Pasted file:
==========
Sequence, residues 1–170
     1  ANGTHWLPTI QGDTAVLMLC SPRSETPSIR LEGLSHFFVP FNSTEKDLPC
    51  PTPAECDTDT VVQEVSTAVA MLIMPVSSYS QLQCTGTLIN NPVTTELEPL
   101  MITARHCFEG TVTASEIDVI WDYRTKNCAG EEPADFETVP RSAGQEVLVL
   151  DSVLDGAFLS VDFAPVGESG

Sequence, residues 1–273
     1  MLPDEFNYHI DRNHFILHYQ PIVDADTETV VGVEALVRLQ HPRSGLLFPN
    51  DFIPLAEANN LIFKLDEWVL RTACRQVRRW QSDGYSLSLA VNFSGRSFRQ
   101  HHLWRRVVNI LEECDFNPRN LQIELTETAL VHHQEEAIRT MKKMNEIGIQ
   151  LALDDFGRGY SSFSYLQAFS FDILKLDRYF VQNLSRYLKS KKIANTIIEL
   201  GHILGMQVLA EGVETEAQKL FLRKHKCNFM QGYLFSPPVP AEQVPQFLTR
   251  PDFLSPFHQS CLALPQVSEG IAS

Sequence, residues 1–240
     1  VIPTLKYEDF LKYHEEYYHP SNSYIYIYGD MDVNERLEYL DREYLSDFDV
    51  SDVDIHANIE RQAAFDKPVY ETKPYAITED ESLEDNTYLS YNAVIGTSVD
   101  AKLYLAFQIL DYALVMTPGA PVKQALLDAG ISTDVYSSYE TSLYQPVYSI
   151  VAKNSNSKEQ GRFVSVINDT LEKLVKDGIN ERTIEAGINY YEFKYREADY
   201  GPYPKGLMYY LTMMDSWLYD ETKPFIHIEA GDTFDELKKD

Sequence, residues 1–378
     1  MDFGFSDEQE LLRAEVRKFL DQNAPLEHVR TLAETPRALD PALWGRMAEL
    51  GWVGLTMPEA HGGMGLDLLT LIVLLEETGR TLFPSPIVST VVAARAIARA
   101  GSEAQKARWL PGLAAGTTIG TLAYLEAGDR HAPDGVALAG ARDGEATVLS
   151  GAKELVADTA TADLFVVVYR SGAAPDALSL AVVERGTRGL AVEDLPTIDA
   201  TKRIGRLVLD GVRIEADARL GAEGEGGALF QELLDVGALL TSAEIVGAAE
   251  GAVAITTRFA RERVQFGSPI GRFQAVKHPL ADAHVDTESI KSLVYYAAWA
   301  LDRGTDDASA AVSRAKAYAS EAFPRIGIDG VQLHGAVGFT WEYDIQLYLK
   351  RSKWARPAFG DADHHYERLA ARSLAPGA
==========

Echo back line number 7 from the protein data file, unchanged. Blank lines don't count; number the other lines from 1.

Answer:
     1  MLPDEFNYHI DRNHFILHYQ PIVDADTETV VGVEALVRLQ HPRSGLLFPN